Our journalists cannot presume community, and journal about it.  We need constructors of local, actionable information, deeply engaged with core contributors within selected communities of interest, and in connection with those who can also contribute to that effort in service to the larger community of interest. We are not alone in this view.  Many have articulated the need for fundamental changes in local information. In recent examples,  Jonathan Stray called for usable information and The Guardian reviewed its open door for those wishing to contribute. Jay Rosen at NYU summed up 25 years of thinking about these issues.   We announced this week that I will be working with Jim Burke, Kiran Sood and Sarah Binder to develop a model for this process focused on how we create value in Iowa’s Creative Corridor.

Our salespeople are not just selling white space or air time.  They are engaged with those entities seeking attention and transactions, enabling them to use the most effective means to achieve their goals. We have organized to provide that service, and describe it in this new videoDan Conover wrote about changing the game for local advertisers in 2005.  Can we do it now?  Chris Edwards is leading the charge. His group is exploring many new options, including completely individualized printing through our new press at ColorWeb Printers.

Our product creators should not be stuck in the current forms, seeking prizes for current standards of excellence.   For example, we are trying to engage the community in new ways through our locally produced broadcasts on 9.2.   Tim McDougall and the team at fusionfarm are exploring digital products and services, including direct commercial transactions. Polly Forinash and the team at Colorweb Printers is exploring very innovative ways to marry print and digital marketing.

We are attempting a very difficult task – taking a legacy business and transforming it in very fundamental ways, while keeping the old business thriving.  Many have said that it is too hard – that we should just continue the old business and create a new business separate from it.

Our key value is our relationship with the communities we serve.  If we split those relationships, we will only confuse ourselves and our communities.

What do you think?

Thanks,

Chuck

NOTE:  This post was updated September 21, 2013 from a post originally posted on April 26, 2011.  It was nice to see that the themes have remained the same.  It was updated to reflect the start of fusionfarm, and the announcement this week that I am starting a new initiative in the newsroom.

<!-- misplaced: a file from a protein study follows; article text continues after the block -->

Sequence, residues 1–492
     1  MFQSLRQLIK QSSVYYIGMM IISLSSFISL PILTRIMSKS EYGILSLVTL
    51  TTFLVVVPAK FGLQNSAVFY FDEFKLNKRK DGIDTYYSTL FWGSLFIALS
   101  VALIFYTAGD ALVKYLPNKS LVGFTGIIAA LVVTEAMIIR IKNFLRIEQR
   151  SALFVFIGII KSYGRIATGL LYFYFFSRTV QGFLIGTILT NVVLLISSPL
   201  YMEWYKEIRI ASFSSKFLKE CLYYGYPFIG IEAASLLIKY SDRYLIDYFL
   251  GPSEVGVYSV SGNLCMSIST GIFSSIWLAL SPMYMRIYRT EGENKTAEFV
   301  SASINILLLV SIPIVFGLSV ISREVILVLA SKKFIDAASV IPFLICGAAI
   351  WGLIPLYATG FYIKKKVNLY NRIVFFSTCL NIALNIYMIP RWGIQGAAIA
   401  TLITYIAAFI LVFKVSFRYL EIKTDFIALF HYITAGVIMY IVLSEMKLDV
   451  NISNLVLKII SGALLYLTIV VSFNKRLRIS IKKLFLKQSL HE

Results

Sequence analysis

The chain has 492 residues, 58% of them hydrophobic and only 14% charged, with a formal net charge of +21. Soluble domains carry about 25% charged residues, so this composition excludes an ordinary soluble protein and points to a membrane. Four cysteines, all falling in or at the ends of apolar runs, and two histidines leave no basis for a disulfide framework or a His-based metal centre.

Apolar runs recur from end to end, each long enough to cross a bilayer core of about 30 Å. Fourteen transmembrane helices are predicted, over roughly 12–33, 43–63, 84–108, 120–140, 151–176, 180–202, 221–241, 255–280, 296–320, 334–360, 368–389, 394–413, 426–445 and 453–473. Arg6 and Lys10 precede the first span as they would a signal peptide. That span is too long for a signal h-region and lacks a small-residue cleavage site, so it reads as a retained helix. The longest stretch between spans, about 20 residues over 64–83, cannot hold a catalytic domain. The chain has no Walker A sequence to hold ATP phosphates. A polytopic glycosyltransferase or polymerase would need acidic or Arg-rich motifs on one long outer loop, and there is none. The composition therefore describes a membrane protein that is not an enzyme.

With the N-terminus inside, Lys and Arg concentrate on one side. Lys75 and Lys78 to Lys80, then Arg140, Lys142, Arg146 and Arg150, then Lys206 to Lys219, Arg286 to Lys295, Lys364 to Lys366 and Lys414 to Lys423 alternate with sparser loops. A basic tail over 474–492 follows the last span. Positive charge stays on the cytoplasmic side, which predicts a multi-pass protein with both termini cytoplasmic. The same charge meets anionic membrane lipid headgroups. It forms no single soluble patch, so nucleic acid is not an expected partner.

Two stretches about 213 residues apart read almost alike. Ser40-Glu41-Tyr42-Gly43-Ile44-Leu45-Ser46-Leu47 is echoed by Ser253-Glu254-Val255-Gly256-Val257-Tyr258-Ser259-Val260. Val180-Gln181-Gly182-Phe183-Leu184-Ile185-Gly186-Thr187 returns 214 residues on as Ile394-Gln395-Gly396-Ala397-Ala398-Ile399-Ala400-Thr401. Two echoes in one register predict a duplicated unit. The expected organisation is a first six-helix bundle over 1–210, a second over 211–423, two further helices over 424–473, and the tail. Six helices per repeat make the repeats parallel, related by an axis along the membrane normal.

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Employee Review Meetings – Tuesday, May 4, 2010

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We will be live blogging our employee review meetings at 10 AM and 2 PM on Tuesday, May 4.  This will be the first time that we have live blogged an annual review meeting, following our annual board and shareholder meetings, which were held last week.   You can follow live, and contribute comments and questions, at the CoverItLive site noted below.

The slides we will be reviewing include:

Year in Review and Work Plan

Last year at this time we were undertaking a major reorganization of the company — both to survive the most precipitous decline in revenue we had ever experienced and to position us for the speed and flexibility we need to thrive in the fast-changing local media world we are going to be experiencing for some time to come.  I am very thankful that our team was able to cut expenses commensurate with the revenue decline so that Continue reading “Year in Review and Work Plan”

Exploration to Execution

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When I started this blog, in April, 2008, all I knew was that we needed to explore new ways to fulfill our mission of being the “information provider of choice”.  After 21 months of exploration and experimentation we have a plan that needs to be executed.

There are many nuances to this plan, but the core of it revolves around Continue reading “Exploration to Execution”

Level Set

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It has been over a month since the employee meetings, and we are learning much every day.  As Mike Coleman, our Director of Technology likes to say: BLUF – Bottom Line Up Front – I am more convinced every day that we are on the right path, but we certainly don’t have the operational details of the transition all worked out, and we need lots of help to build the new local information system of the future.